Posted on: January 20, 2020 Posted by: Aaron_George Comments: 0

A pulmonary embolism (PE) is a blockage in one of the pulmonary arteries in your lungs. Usually occurs when a blood clot travels through your bloodstream into your lungs from your lower extremities (most often from your legs). When they develop in other parts of the body, like the lower extremities, are sometimes classified as deep vein thrombosis.

A pulmonary embolism that goes untreated can cause permanent damage to your lungs. The low oxygen levels in your blood associated with PE can also damage other organs due to lack of oxygen. You must take the proper measures to prevent a blood clot in your leg. So, it is essential to know if you are predisposed to blood clots or believe you might be at risk for why one, it is imperative that you seek treatment immediately.

Who is at Risk for an Embolism?

While anyone can be at risk for developing PE, some people are at higher risk than others. Individuals at higher risk of developing a pulmonary embolism include:

  • If you suffer from blood clotting disorders
  • If you are inactive or immobilized for long periods due to illness
  • Females who take oral contraceptives or hormone replacement
  • Being older than 60
  • If you have undergone chemotherapy for cancer

Also, pregnant women, smokers, and people who have undergone certain types of recent surgery, like hip replacement, are at higher risk of developing an embolism. 

What are the Signs of a Pulmonary Embolism?

The signs and symptoms of a pulmonary embolism will vary. It will depend on the size of the clot and how much of your lung is affected. Also, if you have lung or heart disease, this can play a significant role in how your body reacts.

If you develop any of the following symptoms, you should call emergency services right away:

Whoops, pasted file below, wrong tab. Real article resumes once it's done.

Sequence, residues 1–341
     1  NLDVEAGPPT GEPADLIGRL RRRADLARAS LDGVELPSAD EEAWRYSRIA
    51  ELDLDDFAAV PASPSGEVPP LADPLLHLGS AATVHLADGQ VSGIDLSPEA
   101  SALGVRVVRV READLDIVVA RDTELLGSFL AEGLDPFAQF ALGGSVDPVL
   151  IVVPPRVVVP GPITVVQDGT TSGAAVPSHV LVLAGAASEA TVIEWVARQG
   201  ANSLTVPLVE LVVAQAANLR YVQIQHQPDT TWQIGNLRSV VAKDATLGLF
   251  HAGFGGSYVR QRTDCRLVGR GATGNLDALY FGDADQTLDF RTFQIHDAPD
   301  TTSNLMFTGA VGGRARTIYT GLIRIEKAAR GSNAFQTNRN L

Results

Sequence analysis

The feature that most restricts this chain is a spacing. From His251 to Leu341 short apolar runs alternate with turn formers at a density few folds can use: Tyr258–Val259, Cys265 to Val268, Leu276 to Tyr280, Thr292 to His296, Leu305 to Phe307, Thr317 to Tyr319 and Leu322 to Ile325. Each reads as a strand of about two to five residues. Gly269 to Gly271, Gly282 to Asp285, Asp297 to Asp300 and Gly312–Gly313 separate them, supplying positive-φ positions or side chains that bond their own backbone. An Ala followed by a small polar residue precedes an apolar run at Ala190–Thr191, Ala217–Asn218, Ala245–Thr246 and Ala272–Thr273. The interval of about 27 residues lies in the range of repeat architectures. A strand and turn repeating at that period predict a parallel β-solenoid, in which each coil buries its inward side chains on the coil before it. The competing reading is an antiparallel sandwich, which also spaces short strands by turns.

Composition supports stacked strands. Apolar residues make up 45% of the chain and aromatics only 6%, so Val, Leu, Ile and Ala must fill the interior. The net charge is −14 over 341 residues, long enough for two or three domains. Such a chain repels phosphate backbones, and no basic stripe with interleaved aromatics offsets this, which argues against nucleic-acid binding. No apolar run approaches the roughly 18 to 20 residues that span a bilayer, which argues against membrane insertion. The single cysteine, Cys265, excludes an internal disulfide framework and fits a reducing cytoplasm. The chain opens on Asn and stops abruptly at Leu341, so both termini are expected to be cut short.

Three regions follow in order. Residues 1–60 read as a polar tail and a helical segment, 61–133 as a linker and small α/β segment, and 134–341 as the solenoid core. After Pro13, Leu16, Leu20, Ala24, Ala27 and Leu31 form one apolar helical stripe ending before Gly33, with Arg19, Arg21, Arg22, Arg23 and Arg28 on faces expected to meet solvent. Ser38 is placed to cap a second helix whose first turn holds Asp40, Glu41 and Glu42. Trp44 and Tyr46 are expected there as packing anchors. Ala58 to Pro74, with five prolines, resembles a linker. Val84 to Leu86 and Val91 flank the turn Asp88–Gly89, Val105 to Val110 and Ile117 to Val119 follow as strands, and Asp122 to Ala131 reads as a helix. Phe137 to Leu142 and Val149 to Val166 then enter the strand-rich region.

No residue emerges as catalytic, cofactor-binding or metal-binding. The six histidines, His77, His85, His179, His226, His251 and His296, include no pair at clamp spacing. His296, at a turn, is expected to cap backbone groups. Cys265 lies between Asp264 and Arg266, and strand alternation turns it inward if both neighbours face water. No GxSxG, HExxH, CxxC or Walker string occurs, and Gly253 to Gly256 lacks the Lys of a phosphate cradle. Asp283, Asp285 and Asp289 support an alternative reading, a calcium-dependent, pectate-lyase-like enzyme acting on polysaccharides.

• Shortness of breath
  • Chest pain
  • Coughing that comes on suddenly
  • Cough up bloody or blood-streak sputum

Some other signs and symptoms of a pulmonary embolism may also include:

  • Rapid or irregular heartbeat
  • Fever
  • Back pain
  • Sweat more than usual
  • Rapid breathing
  • Lightheaded or dizzy
  • Restlessness  
  • Blue lips or nails
  • Clammy or discolored skin

If your blood clot forms deep in the vein of your leg, you can develop deep vein thrombosis (DVT). You should see your doctor right away if you have the following symptoms of DVT (if found early, your doctor can stop it from becoming a PE):

  • Swelling of your leg or arm
  • Leg pain: tender when you stand or walk
  • Red or discolored skin on the affected arm or leg
  • Veins in your arm or leg appear larger than normal

How is PE Diagnosed?

If you believe you are at risk for or are suffering from a pulmonary embolism, your doctor will start by giving you a physical exam. Your doctor will look closely at your legs to see if they’re swollen, tender to touch or when you walk or stand, warm, or discolored.

Next, your doctor will order several tests that might include:

  • Chest x-ray: Allows your doctor to see your heart and lungs in detail to see if there are any problems with your lungs
  • Computed tomographic angiography (CTPA): A special x-ray that is the main one doctor’s use to see if you have a pulmonary embolism. Your doctor will inject a contrast due into your veins so they can see the blood vessels in your lungs on an x-ray.
  • Ventilation/perfusion scan: Used if CTPA isn’t available or not a good match for you. Using a radioactive material, doctors can see what parts of your lungs aren’t getting enough air or blood flow.